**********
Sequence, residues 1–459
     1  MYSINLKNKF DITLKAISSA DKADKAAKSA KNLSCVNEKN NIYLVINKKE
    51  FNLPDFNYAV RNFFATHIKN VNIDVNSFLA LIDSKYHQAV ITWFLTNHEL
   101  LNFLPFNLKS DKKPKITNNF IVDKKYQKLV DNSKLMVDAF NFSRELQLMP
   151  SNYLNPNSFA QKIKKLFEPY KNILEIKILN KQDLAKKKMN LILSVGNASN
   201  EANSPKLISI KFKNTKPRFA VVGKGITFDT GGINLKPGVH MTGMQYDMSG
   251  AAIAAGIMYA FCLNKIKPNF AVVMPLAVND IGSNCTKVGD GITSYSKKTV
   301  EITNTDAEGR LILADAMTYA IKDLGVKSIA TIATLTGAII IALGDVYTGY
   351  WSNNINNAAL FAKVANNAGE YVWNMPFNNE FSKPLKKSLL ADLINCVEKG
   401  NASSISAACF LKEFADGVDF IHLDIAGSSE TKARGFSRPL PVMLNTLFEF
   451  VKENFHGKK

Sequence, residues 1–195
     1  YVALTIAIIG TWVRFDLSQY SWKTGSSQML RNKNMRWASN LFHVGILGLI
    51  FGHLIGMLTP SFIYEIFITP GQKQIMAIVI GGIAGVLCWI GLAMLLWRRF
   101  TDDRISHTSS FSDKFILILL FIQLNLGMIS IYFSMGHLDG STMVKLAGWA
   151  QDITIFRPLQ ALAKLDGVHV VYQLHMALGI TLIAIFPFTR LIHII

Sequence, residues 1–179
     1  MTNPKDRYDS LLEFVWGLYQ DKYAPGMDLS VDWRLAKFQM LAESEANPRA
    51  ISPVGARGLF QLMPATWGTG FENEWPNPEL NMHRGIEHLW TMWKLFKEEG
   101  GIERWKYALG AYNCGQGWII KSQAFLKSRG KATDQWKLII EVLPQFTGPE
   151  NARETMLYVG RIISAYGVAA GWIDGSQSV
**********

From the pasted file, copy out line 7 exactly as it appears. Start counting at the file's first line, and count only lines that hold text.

   251  AAIAAGIMYA FCLNKIKPNF AVVMPLAVND IGSNCTKVGD GITSYSKKTV